In quest of Christmas

In quest of Christmas


In quest of Christmas

Yuletide is in. The Christmas spirit has begun to infuse the air in India’s southern-most state. Illuminated shop fronts and brightly decorated malls are designed to entice the consumerist Malayali, even in this time of meltdowns.

In Kerala, people do not generally identify celebrations with any particular religion, and participate together in the spirit of the season. However, for the Christians in the state, the festival is certainly a very special time. With stars twinkling from their balconies and roof tops, Christians — whether they are Catholics or Protestants, Latins or Syrians, Jacobites or Marthomites — are on a festive high.

Tinsel, tree and treats
Old timers recall their childhood, the thrill of school vacations coinciding with Christmas celebrations and their forays into fields and forests to collect grass to decorate home-made cribs and Christmas trees.

“Of course, all that is in the past now. Today, Christmas comes readymade, although the Christmas spirit thankfully is still warm and fresh and all-pervasive,” observes Fr. Paul Thelekkkat, a spokesperson for the Syrian Catholic Church.
Christmas means the yearly outing of tinselly Christmas decorations that economy-conscious housewives had carefully stashed away through the long, dusty summer. It is the children in the family who are the most enthusiastic about making the crib, hanging up the buntings and decorating the tree.

 Every family has it own version of the crib. The whole idea is to recreate for the viewer the scene described in the Gospel of Mathew, according to which the three wise men from the East came to the Christ child, guided by a star.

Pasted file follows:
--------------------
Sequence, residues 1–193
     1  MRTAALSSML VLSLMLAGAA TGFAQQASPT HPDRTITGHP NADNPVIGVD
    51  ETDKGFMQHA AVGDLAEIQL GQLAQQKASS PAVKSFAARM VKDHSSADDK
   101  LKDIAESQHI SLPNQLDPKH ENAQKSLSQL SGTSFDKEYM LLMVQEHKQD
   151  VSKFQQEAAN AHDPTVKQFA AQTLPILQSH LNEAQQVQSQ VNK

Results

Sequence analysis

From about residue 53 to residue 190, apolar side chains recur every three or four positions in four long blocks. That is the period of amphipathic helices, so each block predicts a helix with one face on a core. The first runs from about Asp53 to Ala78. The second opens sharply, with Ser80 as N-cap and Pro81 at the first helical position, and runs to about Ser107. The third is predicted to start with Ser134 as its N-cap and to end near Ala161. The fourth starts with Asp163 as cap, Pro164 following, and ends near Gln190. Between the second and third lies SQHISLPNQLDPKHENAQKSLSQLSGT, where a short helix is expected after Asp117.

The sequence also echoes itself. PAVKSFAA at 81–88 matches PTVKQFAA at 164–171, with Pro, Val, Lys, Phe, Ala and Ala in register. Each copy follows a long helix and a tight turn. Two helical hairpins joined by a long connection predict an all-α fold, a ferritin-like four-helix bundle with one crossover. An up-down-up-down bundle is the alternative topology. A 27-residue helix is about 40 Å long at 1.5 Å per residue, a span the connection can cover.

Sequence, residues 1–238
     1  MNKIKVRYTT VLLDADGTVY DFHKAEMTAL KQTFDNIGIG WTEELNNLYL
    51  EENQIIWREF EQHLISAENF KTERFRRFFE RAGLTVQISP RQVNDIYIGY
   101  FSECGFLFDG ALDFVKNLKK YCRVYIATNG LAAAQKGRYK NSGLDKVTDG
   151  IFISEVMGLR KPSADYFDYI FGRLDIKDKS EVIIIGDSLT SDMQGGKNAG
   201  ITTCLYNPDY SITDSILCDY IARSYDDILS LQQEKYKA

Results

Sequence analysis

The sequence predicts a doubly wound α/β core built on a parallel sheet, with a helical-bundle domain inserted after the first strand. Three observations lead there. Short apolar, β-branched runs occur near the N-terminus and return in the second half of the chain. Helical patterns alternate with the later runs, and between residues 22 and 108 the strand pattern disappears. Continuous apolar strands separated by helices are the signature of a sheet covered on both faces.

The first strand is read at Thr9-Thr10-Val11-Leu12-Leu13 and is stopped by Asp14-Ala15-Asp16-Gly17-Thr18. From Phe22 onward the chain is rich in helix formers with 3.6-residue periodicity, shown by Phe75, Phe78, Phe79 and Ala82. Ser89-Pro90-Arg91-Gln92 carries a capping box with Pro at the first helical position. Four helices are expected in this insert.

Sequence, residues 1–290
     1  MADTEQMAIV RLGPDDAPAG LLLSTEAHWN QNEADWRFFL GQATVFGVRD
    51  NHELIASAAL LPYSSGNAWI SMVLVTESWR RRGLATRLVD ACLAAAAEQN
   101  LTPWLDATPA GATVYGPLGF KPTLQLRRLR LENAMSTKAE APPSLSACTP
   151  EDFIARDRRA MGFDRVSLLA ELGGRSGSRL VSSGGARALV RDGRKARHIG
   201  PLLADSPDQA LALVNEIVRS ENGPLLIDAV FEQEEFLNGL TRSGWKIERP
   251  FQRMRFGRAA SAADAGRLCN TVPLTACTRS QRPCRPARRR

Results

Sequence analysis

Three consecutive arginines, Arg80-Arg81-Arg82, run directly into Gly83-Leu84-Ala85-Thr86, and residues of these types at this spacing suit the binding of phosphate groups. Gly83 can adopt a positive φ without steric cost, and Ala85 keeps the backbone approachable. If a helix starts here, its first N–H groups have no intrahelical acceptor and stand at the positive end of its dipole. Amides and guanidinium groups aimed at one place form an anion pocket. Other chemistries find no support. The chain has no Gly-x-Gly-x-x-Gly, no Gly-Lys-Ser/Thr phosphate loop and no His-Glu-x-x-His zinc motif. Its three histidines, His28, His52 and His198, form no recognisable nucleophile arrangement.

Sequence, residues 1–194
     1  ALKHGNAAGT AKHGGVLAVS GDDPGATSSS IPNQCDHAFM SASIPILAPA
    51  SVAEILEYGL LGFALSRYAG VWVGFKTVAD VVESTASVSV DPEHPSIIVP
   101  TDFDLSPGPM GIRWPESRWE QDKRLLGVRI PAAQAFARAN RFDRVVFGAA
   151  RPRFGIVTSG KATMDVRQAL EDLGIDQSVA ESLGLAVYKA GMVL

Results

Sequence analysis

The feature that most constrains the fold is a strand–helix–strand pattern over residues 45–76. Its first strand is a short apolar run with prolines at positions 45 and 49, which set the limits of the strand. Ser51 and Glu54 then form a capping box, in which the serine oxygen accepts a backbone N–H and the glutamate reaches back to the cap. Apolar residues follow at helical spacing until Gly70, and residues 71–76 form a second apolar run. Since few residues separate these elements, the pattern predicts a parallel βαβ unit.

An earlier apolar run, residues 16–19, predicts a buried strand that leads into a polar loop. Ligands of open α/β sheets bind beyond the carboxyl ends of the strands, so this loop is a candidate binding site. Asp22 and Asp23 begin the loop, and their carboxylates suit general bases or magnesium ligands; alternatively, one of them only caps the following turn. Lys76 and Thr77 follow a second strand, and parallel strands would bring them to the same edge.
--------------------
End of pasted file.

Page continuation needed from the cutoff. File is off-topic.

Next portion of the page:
The crib is meant to be seen as a symbol of humility, a reminder to the faithful that Jesus was born in a manger. In an earlier day, the crib was made of grass, which children used to collect from the fields around, or make do with wood shavings procured from a local carpenter. The pride of place is, of course, always given to the Christ child. Figurines of the Holy Mother, Joseph and the angels are placed alongside and a star is hung above it all to recall the original ‘star of wonder’.

The more painstaking even grow their own paddy and plant it around the crib, combining it rather incongruously with layers of cotton for a snowy illusion to mimic western depictions of the nativity. While the entire crib can be bought off a shop shelf now, attempts are still made to retain the creativity of yore with churches even holding their own crib-decorating competitions.

But it is the Christmas tree that is the cynosure of all eyes. Today, reusable trees — made of wire and tinsel or green plastic —  have captured the markets and the consumer’s fancy. But a quarter of a century ago, things were quite different. Recalls Nina Joseph (55), a resident of Ernakulam, “In my childhood, we used to go into the nearby forest and cut down a young tree and carry it home for the decorations. Now, we buy it from a shop.” But the decorations often have to be crafted at home and are heavily inspired by the western Christmas.